Catastrophes on Camera
The media generally assume that news of war, crime and natural disasters will always win an audience. "If it bleeds, it leads," is a well-tried adage of American journalism. Of the three categories, coverage of war has attracted criticism for its lies, jingoism and general bias. Crime reporting traditionally exaggerates the danger of violence in society, creating an unnecessary sense of insecurity.
Media coverage of natural disasters ? floods, blizzards, hurricanes, earthquakes and volcanoes ? is, on the contrary, largely accepted as an accurate reflection of what really happened. But in my experience, the opposite is true: the reporting of cataclysms or lesser disasters is often wildly misleading. Stereotyping is common: whichever the country involved, there are similar images of wrecked bridges, half-submerged houses and last-minute rescues.
The scale of the disaster is difficult to assess from news coverage: are we seeing or reading about the worst examples of devastation, or are these the norm? Are victims in the hundreds or the millions? Most usually the extent of the damage and the number of casualties are exaggerated, particularly in the developed world. I remember covering floods on the Mississippi in the 1990s and watching as a wall of cameras and cameramen focused on a well-built house in a St Louis suburb which was slowly disappearing under the water. But just a few hundred yards away, ignored by all the cameramen, a long line of gamblers was walking unconcernedly along wooden walkways to board a river boat casino.
The reporting of natural disasters appears easy, but it is difficult to do convincingly. Over the past year, a series of calamities or, at the least, surprisingly severe weather, has dominated the news for weeks at a time. Just over a year ago, Haiti had its worst earthquake in 200 years, which killed more than 250,000 people. In August, exceptionally heavy monsoon rain turned the Indus river into a vast dangerous lake, forcing millions of Pakistani farmers to flee their homes and take refuge on the embankments. Less devastating was unexpectedly heavy snow in Britain in December and the severe blizzard which struck New York at Christmas. In the first half of January, the news was once again being led by climatic disasters: the floods in Queensland and the mudslides in Brazil.
All these events are dramatic and should be interesting, but the reporting of them is frequently repetitious and dull. This may be partly because news coverage of all disasters, actual or forecast, is delivered in similarly apocalyptic tones. Particularly in the US, weather dramas are so frequently predicted that dire warnings have long lost their impact. This helps to explain why so many people are caught by surprise when there is a real catastrophe, such as Hurricane Katrina breaking the levees protecting New Orleans in 2005 and flooding the city. US television news never admits the role it plays in ensuring that nobody takes warnings of floods and hurricanes too seriously because they have heard it all before.
Governments are warier than they used to be in dealing with disasters, conscious of the political damage they will suffer if they are seen as unfeeling or unresponsive to climatic emergencies. The best-remembered single picture of the New Orleans flood is probably not of water rushing through the streets, but of President Bush peering at it with distant interest out of the window of his aircraft from several thousand feet above the devastation.
UK natural disasters are, thanks to the mild climate, not really in the same league as other countries’. Flooding in the Lake District hardly compares with what happened in Brisbane. The same broken or unsafe bridges are filmed again and again. The tone of the reporting is always doleful and, at times, funereal. Worst cases are presented as typical. The pre-Christmas snow and consequent transport difficulties were spoken of as if everybody in Britain spent their entire time longing to get to work instead of welcoming an excuse to stay at home. The simple pleasure of not having to do anything is underplayed and there is never a mention of the fact that the cities and countryside of Britain are at their most beautiful when they are under a blanket of snow.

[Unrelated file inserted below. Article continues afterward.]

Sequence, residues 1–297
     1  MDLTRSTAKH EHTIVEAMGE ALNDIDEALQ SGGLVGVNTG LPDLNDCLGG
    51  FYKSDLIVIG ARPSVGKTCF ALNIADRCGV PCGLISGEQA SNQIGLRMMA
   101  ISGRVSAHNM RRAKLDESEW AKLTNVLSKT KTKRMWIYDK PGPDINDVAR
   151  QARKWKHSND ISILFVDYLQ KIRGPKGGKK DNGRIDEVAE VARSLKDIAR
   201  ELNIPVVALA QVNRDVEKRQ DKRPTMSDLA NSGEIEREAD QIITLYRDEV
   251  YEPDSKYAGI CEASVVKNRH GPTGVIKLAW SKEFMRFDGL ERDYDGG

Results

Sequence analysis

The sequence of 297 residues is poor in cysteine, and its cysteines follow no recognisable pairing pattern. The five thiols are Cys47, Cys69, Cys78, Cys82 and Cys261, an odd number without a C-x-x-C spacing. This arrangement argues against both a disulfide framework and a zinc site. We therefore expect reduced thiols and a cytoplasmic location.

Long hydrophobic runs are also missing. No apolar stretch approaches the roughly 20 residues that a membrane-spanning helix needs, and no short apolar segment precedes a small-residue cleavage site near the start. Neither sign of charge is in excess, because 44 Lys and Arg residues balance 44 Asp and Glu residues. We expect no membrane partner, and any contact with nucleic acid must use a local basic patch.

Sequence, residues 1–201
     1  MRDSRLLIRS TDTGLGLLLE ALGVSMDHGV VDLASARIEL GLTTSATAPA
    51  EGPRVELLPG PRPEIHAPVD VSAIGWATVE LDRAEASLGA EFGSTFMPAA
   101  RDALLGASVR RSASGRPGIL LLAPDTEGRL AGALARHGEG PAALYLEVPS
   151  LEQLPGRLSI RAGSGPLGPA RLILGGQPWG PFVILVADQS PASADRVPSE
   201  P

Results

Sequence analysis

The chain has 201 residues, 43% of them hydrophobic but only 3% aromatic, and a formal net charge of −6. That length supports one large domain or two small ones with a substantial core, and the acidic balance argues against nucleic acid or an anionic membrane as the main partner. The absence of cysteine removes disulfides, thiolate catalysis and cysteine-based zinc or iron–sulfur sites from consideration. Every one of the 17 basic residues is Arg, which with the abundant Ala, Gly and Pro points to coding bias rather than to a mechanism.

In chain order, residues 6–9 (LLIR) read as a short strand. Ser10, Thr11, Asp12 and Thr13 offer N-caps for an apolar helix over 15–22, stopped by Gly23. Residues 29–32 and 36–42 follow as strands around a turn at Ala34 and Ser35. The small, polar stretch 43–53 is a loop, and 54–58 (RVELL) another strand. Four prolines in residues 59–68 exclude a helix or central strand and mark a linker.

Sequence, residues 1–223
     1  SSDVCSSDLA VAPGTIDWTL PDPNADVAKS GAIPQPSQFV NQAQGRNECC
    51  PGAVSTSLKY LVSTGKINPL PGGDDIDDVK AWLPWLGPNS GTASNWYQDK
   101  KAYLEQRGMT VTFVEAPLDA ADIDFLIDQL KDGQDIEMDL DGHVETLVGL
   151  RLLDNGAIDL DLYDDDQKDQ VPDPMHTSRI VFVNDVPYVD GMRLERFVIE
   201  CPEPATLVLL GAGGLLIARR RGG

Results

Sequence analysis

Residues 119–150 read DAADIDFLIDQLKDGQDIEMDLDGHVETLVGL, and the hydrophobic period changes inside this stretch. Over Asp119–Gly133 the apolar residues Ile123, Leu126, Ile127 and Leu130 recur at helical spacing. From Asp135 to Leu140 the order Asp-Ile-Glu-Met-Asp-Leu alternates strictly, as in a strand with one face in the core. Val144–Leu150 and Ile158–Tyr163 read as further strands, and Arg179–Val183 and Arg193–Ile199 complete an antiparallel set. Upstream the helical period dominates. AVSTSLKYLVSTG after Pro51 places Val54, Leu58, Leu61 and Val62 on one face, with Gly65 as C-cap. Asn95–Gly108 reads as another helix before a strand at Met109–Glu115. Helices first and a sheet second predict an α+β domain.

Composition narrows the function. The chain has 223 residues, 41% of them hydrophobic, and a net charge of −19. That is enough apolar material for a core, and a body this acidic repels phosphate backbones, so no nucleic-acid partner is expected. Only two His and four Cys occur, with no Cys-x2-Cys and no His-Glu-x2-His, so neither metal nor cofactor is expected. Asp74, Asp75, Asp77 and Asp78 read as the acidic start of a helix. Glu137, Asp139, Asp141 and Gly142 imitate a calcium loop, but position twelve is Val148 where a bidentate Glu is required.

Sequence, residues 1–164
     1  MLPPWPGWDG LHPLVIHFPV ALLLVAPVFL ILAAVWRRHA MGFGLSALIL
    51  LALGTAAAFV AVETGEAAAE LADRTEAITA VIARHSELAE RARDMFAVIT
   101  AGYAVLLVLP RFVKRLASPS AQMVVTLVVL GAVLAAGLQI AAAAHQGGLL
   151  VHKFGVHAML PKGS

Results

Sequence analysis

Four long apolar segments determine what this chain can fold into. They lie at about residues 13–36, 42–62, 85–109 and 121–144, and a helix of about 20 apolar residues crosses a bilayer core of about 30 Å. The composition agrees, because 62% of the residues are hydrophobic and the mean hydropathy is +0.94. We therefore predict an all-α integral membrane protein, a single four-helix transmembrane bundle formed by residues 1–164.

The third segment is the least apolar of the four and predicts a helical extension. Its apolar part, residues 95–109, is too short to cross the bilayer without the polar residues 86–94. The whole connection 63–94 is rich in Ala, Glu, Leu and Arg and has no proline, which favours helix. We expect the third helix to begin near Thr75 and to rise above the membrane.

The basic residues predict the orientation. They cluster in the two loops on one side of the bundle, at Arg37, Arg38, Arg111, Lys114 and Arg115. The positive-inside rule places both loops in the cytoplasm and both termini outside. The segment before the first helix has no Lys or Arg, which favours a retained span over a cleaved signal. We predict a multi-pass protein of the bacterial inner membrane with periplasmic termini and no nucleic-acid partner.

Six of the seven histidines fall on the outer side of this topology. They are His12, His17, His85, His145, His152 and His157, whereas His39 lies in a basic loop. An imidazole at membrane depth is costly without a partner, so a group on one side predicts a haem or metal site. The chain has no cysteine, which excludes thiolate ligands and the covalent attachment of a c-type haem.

There is a further difficulty in reporting British disasters, particularly for television and radio. The British still seem, despite some evidence to the contrary, such as in the aftermath of the death of Diana, Princess of Wales, to be genuinely stoical and emotionally tough. It is touching to see reporters baffled and irritated by the refusal of British flood victims, whose living rooms are knee-deep in sewage and water, to treat what has happened to them as more than an unlucky mishap which is not going to ruin their lives.
This British stoicism appears to be quite real even under the most intense pressure. I was in Baghdad in 1990 when British hostages who had been passengers on a British Airways flight that had landed in Kuwait were released just as the Iraqi army was invading. They had then been taken to military camps, power stations, refineries and other Iraqi facilities to deter the US and UK from bombing them. In December that year, Saddam Hussein decided to release his prisoners as a propaganda gesture, the first being freed in front of us journalists in the Al-Rashid hotel in Baghdad. To the frustration of television correspondents and photographers, almost all the former hostages refused to blub to order and seemed impressively unmarked and lacking in self-pity after their ordeal. Television cameras clustered around a single man, evidently drunk, who spoke brokenly of his grim experiences.
Some of the most passionate writing about recent extreme weather episodes in New York and London come not from those who were badly hit but from columnists possibly unaccustomed to inconvenience and discomfort. Philip Stephens wrote an eloquent and bitter piece in the Financial Times about the misery of having, after a long flight, to wait an extra three hours in his aircraft at Heathrow because there was nowhere for it to dock. Paul Krugman of The New York Times compared the failure of New York’s Mayor, Michael Bloomberg, to cope with the blizzard with that of President Bush after Hurricane Katrina. Reminded that some 1,500 people had died in the hurricane and casualties in New York were minimal, he later withdrew the comparison with some embarrassment.